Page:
While most politicians have talked carefully of values and patriotism, rather than immigration and race, some legislators blasted the players as “scum,” “little troublemakers” and “guys with chickpeas in their heads instead of a brain,” according to news reports.
Fadela Amara, the junior minister for the racially charged suburbs who was born to Algerian parents, warned on Tuesday that the reaction to the team’s loss had become racially charged.
“There is a tendency to ethnicize what has happened,” she told a gathering of President Nicolas Sarkozy’s governing party, according to news reports. “Everyone condemns the lower-class neighborhoods. People doubt that those of immigrant backgrounds are capable of respecting the nation.”
She criticized Mr. Sarkozy’s handling of a debate on “national identity,” warning that “all democrats and all republicans will be lost” in this ethnically tinged criticism about Les Bleus, the French team. “We’re building a highway for the National Front,” she said, in a reference to the far-right, anti-immigrant, anti-Muslim party founded by Jean-Marie Le Pen....
Mr. Sarkozy himself called a meeting on the disastrous result on Wednesday, summoning Prime Minister Francois Fillon, Sports Minister Roselyne Bachelot and Rama Yade, the junior sports minister. In a statement, he said he had ordered them “to rapidly draw the lessons of this disaster.”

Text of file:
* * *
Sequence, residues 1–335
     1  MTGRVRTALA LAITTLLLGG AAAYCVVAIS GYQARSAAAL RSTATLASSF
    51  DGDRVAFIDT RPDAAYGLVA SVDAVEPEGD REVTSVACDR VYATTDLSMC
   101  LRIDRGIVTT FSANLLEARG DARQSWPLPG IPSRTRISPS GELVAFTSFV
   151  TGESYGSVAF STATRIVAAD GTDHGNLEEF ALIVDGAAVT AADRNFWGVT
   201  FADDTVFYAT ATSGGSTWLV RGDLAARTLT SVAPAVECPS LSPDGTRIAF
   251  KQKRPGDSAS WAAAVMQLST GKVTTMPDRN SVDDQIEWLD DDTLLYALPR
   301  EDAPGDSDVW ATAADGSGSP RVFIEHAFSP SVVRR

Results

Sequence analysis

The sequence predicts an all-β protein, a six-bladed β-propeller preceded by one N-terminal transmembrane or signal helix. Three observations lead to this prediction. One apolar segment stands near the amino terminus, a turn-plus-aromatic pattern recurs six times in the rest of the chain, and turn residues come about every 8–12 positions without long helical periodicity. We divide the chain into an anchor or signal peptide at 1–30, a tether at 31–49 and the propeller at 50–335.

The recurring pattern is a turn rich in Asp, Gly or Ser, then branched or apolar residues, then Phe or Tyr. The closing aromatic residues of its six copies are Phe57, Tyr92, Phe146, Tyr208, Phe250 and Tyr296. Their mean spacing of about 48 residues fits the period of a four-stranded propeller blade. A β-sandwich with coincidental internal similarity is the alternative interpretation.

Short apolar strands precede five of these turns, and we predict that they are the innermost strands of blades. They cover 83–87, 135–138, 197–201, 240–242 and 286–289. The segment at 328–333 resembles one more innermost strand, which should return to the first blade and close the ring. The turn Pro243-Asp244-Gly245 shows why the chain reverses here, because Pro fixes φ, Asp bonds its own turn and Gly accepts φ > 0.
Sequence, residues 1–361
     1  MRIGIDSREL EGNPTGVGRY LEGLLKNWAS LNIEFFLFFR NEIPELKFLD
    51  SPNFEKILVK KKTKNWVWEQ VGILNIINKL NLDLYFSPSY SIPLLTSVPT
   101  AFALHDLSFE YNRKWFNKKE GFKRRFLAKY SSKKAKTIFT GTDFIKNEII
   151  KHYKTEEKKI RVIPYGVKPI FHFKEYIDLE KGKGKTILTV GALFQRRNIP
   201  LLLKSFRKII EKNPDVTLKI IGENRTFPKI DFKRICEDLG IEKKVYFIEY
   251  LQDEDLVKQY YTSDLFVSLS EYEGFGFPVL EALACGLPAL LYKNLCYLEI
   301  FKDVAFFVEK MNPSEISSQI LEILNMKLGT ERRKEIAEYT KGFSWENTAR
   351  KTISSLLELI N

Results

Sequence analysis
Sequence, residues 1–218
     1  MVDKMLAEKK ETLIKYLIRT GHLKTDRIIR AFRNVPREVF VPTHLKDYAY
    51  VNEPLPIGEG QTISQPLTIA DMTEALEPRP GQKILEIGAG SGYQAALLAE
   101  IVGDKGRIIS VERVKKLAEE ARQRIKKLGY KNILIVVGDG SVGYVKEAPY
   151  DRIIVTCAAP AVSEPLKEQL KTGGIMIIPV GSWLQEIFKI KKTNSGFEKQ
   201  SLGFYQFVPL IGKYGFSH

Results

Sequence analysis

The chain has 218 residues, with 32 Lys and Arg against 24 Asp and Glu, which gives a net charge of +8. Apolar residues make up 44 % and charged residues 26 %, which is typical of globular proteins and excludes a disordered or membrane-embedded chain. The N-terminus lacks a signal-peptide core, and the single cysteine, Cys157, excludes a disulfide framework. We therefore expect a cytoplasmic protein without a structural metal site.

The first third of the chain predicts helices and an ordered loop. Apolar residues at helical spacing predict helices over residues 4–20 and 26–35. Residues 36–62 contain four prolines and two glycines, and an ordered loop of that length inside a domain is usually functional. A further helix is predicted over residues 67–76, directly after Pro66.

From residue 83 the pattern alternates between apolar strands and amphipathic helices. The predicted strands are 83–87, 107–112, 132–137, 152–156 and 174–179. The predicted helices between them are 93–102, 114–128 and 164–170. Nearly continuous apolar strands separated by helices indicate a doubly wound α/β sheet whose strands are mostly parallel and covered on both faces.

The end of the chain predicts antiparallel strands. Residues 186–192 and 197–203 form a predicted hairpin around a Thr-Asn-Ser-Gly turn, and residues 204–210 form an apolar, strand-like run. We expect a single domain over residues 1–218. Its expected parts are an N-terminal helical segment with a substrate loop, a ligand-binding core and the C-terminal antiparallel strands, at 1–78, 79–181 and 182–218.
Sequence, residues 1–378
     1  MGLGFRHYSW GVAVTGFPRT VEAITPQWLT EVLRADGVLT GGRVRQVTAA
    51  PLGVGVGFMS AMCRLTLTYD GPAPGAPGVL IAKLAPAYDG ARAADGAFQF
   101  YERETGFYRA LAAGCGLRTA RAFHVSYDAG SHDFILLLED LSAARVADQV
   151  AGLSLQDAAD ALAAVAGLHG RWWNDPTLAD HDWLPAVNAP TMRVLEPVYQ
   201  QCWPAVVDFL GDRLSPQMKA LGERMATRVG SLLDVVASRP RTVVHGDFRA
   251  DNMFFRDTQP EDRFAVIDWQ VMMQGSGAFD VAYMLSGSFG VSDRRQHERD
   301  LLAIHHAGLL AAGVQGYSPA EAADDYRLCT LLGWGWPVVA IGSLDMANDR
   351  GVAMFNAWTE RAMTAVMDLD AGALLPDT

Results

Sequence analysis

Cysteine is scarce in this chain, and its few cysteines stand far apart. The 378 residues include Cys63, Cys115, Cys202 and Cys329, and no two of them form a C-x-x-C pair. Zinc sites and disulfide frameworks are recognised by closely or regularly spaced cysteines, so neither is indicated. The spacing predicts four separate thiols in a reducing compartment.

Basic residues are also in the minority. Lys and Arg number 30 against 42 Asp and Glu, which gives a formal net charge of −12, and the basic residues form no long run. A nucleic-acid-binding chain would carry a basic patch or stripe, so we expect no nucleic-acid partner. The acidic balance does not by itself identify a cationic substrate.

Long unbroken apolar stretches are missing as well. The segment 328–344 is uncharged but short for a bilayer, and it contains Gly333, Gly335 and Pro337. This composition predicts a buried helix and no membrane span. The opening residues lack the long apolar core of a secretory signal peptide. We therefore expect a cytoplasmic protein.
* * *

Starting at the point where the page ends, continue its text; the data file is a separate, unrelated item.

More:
Now, to be fair, there have been a few moments in the past when a US team has performed so abysmally on the global stage that it prompted a minor, ugly political kerfuffle (I'm thinking of the 2000 Olympic men's basketball team). Still, in order, here's what I don't want to see happen in the United States:
1. Philosophers using a national team's sporting performance to opine about the state of the union;
2. Any politician blaming the performance of a national sports team on the country's government;
3. A Minister of Sport;
4. A head of state summoning the head of government and other policy principals to discuss the broad socioeconomic lessons that can be drawn from the failures of a f***ing football team.
The Nation's Dave Zirin bemoans the ways in which events like the World Cup promote jingoism and nationalism in the United States, but he's aiming at the wrong target. Americans will celebrate the successes of team USA and within 24 hours forget the failures. The ways in which the rest of the world inflate the importance of this event as some august commentary on their country's national standing are beyond silly. Wars, assassinations, and stock market downturns have been (sort of) started because of this kind of silliness.
I'll take American semi-engagement with soccer over French obsession any day of the week, thank you very much.